Good news

Just heard, second-hand, from my Cayman people. They are alive and safe, though hot, and it sounds like at least one house among them withstood the storm well enough that they don't have to worry about where to stay.

I'm not much for praying for help. But I'm more than happy to pray thanks. How Canadian of me.
Klein misses out

While the other Premiers hash out details of a new health care deal with the Prime Minister, Ralph Klein spent the day at a trade show. That would be enough to be concerned about the Premier's priorities, but Klein's error was compounded when Saskatchewan Premier Lorne Calvert spent a few moments of his mic time today pimping one of his constituents, Theresa Sokyrka, for Canadian Idol.

There are some Albertans who believe that Klein is responsible for helping Stephen Harper lose the federal election. Will our Premier have to accept responsibility for another Albertan's loss on the federal stage?

That works for me on a couple of different levels, actually.
More on Ivan and Grand Cayman

I have no words for these images, but fortunately, Microsoft Word comes with a thesaurus:




The international media has been remarkably quiet about the damage done to Cayman as opposed to some of Hurricane Ivan's other targets, but I suspect that's a result of a lack of moving images. (Another contributing factor may be no reported deaths, for which I'm grateful - I haven't yet heard from the people who matter to me.) Once some television cameras can get to the island, or the local news production gets electricity, and back on their feet, I suspect we'll start to hear a lot more on our televisions.

Monday, September 13, 2004

Cayman Ivan news

The international media hasn't had much news about the devastation on Grand Cayman yesterday. Regular readers know that there are people who live on that island who are important to me.

So, long story short, this story scares the shit out of me.

I haven't been able to reach the people I know since yesterday morning. Once I do, once I hear more, I'll let you know.

Update, 0935: Here's another report, more detailed and scarier.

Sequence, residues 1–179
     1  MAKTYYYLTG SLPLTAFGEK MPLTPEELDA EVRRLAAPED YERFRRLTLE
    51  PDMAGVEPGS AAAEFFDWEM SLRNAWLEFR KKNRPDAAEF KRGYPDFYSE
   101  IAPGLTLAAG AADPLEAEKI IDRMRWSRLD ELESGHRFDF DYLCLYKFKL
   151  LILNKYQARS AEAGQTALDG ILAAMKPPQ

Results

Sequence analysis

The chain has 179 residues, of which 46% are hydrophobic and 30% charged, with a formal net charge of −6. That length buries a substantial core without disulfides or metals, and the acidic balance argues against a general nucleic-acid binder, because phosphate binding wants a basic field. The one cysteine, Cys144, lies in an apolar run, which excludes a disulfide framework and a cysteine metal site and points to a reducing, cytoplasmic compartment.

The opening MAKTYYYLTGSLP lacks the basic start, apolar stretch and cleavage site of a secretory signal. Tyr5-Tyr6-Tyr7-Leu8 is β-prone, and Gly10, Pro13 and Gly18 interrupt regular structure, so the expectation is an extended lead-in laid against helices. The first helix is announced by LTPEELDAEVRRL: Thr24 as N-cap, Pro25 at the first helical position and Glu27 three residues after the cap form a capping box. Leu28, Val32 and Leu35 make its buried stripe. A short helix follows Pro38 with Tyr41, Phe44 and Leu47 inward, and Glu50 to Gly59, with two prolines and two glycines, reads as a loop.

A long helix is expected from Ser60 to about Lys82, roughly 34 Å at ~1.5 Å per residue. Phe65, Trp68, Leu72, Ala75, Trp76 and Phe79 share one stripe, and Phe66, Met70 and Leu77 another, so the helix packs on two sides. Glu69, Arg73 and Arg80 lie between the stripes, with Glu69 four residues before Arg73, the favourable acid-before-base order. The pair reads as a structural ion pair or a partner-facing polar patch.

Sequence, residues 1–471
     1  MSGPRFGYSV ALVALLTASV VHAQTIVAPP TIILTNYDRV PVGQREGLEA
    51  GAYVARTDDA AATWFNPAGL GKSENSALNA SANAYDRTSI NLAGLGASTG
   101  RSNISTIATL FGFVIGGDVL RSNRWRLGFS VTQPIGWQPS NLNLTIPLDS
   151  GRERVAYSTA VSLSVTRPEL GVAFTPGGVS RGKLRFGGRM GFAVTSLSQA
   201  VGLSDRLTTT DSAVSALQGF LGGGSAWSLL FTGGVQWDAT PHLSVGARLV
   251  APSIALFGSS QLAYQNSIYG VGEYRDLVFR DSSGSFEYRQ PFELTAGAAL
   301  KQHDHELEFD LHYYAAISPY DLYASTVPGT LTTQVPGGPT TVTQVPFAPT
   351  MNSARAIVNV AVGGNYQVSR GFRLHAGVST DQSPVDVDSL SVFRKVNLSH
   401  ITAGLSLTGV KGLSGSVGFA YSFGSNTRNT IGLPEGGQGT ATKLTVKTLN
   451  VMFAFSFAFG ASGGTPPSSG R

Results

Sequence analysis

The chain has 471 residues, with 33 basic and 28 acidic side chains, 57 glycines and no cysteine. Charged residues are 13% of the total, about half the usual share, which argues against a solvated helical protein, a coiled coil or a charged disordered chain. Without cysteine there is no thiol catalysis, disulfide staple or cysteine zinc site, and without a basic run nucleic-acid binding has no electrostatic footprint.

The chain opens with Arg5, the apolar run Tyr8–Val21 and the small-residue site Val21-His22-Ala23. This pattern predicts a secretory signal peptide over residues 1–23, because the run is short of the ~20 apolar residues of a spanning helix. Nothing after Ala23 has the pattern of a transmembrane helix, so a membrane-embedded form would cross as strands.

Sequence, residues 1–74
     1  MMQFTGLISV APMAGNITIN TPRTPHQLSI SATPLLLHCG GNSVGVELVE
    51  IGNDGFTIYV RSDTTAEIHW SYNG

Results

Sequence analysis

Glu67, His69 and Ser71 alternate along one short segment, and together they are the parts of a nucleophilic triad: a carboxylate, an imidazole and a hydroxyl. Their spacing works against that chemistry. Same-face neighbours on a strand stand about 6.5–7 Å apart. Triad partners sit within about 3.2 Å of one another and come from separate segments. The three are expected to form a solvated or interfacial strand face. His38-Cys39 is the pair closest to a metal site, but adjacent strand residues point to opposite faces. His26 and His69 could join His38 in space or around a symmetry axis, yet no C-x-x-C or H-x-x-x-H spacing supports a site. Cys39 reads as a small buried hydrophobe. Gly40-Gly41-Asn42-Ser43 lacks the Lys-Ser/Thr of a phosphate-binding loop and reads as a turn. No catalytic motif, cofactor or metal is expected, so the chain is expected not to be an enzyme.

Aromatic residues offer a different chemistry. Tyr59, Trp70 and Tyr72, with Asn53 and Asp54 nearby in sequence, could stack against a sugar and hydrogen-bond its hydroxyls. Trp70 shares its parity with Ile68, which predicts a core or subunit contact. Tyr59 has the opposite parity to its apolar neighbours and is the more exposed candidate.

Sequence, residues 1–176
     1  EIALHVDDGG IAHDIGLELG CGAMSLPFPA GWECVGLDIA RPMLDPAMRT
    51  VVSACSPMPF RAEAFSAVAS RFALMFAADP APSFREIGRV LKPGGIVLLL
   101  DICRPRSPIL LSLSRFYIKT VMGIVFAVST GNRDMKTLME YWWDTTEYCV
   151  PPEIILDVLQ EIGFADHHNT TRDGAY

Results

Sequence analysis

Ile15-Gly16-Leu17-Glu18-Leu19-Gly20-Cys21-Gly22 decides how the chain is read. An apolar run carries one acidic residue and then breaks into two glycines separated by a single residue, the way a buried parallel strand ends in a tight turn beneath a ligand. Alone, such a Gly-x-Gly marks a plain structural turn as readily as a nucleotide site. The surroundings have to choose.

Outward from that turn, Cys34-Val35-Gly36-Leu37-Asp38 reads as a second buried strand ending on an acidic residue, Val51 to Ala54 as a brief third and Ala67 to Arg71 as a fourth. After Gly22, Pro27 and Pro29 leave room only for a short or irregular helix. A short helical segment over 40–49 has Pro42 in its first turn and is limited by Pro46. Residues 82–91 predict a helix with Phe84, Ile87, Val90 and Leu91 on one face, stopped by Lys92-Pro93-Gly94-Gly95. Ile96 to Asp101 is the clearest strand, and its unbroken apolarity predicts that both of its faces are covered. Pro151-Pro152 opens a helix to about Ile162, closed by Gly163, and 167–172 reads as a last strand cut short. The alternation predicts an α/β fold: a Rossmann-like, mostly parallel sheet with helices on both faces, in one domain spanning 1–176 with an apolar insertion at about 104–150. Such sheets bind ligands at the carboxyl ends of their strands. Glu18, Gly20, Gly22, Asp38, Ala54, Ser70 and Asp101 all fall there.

Update, 1140: This site is taking and posting sporadic reports. Apparently, a few cel phone calls and text messages have gotten to loved ones off-island, and some of that information is being shared there.

Monday, September 06, 2004

The Viet Nam war record

John Kerry attended it, but opposed it politically once he came home.

George W. Bush avoided it, but never politically opposed it.

Bush is letting his party try to undermine Kerry's record by minimizing his actions and his injuries. Some "unaffiliated" right-leaning organizations are attempting to discredit Kerry's war record altogether, or even crazier, blame Kerry for the discrediting of the Viet Nam war. It's a little desperate.

But in the end, the American left needs to understand that the comparitive war records aren't a real issue - it's a distraction. It's a little "Starship Troopers" to think that serving your country in wartime makes you the more appropriate candidate to lead. When it was Clinton vs. Dole in '96, it was pretty clear who the war hero of the two was, and I don't recall any attempt among Democrats to show Bob Dole anything but respect and appreciation for his military service. But come election day, voters made their choice based on more pressing concerns.

This time around, the left has the war veteran candidate, so they're bulletproof against "left=coward" accusations. Leave it at that and move on to the issues, because the election is two months away. This sideshow of discussing what your candidate did thirty years ago (or, for that matter, what their candidate snorted did thirty years ago) will not help the voters punish the current Administration for Iraq, the stalled economy, and the horrible fiscal management of the last four years.

Update, Thursday morning: I have to read my own links once in a while. Get Your War On beat me to this point, more effectively, about two weeks earlier. The link is here, and I'm certain you don't need to be told that GYWO is known for some strong language.